Duncan is seriously concerned about the deadly diseases spreading amongst transients in San Diego, Los Angeles and Santa Cruz and said elected officials in Sacramento have a lack of concern based on the little to no effort in clearing and sanitizing camps the past few years. “More recently, The Mayor and City Council claim that the Martin v. Boise 9th Circuit Court decision, which says a person cannot be punished for sleeping on public property if there are no other options available, is preventing them from getting people off the street because there’s currently no city shelters,” she said. “Yet, what was the reason camps weren’t being cleared long before this ruling went into effect in September 2018?”

Duncan added: “This week the Sacramento City Council approved two shelters, one close to my neighborhood, which will be low barrier. The council claims that once these shelters are open, people will no longer be allowed to sleep on the street, but I’m skeptical of their ability to enforce this. Our elected officials believe this is a housing problem and that the majority of the homeless lost their homes due to increased rent. From talking to people in my area, I know that’s not the case. People are refusing services and have chosen drugs over everything else—including their own family—and until people are put into rehab or receive needed mental health care, no amount of housing will help them.”

Ramona Russell

Ramona Russell is a writer, advocate and public relations and social media strategist, and the creator of Save Sac, an advocacy group whose focus is the public health and safety for the city of Sacramento, California.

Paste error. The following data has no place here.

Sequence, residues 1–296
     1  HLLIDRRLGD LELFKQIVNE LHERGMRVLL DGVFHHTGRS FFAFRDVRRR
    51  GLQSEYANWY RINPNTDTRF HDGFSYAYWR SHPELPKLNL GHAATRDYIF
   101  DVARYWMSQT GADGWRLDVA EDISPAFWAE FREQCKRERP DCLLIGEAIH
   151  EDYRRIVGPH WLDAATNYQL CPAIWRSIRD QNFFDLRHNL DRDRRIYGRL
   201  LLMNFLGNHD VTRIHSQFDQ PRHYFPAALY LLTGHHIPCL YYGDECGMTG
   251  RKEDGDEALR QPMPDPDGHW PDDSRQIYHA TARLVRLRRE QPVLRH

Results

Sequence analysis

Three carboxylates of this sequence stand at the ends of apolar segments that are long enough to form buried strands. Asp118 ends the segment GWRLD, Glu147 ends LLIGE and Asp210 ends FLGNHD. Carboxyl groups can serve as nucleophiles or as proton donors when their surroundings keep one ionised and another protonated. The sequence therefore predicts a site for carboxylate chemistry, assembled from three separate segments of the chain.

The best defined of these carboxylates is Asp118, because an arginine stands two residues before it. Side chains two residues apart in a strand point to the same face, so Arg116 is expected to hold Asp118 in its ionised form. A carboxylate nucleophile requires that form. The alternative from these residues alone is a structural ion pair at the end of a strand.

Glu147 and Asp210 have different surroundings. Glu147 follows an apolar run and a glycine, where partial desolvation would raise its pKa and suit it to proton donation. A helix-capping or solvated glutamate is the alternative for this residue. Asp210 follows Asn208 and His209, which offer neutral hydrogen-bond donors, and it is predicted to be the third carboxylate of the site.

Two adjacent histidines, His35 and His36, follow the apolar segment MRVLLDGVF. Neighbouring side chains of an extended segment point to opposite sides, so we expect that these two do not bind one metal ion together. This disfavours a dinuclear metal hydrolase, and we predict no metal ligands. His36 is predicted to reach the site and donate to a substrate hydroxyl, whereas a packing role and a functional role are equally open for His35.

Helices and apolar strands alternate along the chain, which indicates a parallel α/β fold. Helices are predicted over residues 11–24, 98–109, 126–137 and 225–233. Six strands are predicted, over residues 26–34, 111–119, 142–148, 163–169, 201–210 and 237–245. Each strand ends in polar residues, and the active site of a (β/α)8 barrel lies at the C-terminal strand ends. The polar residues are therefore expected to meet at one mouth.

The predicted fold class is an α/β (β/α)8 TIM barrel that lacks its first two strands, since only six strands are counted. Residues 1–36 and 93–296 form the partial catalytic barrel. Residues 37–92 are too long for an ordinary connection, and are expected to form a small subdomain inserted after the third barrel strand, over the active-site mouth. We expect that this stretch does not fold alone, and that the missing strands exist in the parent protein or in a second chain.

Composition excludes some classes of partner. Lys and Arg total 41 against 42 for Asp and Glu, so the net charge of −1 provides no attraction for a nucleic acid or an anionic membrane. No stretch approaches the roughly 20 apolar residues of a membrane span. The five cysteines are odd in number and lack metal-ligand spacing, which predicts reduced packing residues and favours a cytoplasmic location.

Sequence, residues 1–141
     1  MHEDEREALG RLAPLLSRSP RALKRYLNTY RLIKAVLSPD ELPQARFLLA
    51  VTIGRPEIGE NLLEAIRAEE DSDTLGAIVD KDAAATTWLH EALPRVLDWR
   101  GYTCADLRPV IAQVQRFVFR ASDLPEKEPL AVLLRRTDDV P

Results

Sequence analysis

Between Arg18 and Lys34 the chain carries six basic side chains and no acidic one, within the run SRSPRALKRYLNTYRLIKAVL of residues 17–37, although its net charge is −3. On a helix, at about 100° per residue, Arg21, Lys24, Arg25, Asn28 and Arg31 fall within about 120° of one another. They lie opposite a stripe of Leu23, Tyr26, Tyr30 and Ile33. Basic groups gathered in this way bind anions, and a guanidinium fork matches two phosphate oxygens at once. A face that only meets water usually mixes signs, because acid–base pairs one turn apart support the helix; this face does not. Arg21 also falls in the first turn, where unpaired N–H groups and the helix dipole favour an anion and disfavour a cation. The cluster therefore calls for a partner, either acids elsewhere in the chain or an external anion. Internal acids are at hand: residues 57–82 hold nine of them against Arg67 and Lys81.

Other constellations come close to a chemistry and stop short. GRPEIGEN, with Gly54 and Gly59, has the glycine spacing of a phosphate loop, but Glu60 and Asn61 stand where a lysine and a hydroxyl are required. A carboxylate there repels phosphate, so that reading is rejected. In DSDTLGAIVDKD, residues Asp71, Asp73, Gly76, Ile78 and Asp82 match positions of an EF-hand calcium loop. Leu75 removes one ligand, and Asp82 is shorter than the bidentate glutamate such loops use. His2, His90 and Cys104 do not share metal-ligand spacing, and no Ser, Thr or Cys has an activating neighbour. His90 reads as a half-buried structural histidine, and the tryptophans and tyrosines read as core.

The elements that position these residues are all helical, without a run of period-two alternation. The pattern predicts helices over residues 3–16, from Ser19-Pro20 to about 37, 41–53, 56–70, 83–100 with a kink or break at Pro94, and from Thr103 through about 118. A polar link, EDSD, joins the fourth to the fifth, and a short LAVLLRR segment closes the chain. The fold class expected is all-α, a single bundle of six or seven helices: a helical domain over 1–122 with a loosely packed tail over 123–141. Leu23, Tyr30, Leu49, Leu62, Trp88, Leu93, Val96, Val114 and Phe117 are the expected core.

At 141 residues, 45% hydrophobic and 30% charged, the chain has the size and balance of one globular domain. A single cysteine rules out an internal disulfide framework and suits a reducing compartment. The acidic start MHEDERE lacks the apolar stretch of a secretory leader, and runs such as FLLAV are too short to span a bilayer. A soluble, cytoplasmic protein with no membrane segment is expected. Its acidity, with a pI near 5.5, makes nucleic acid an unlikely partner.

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26 thoughts on “A Drug Epidemic Disguised as a Housing Crisis

  1. The drug/homeless problem was caused by the democrat state law makers with the passage of Prop 47, 57 and AB109. Stephanie Duncan and her neighbors need to stop voting the same people in office that created this mess in the first place. Otherwise, they need to be more inclusive of their new neighbors.

    1. I, along with Stephanie, know a lot of Prop. 47, 57 and AB109, and believe it’s the biggest cause of our drug epidemic which has caused a homeless one.

    2. Interesting. So, you are saying these people are folks who should be in jail but are not due to these measures. That may be the case, but Democratic lawmakers did not pass the propositions 47 and 57. The people did directly.

    3. I believe homelessness in Sacramento is due to addiction, mental illness and alot of other different circumstances, its is true alot of them do not want help. But we must help those that do want change in there situation of living on the streets were it is dangerous to the population of homeless veterans and citizens that have had there rents raised or have severe addiction problems or mental health.problems…We cant just say it is drug use issue for the entire homeless population. Although there is a drug epidemic and a big percentage of the population. it is not the whole population of homeless folks.

  2. Great article…
    Many of our government “leaders” are leading Californians into a deep hole. There is a way out. Vote out the Democrates and replace them with real Republicans (not R.I.N.O.s). The truth is simple but it is not being done.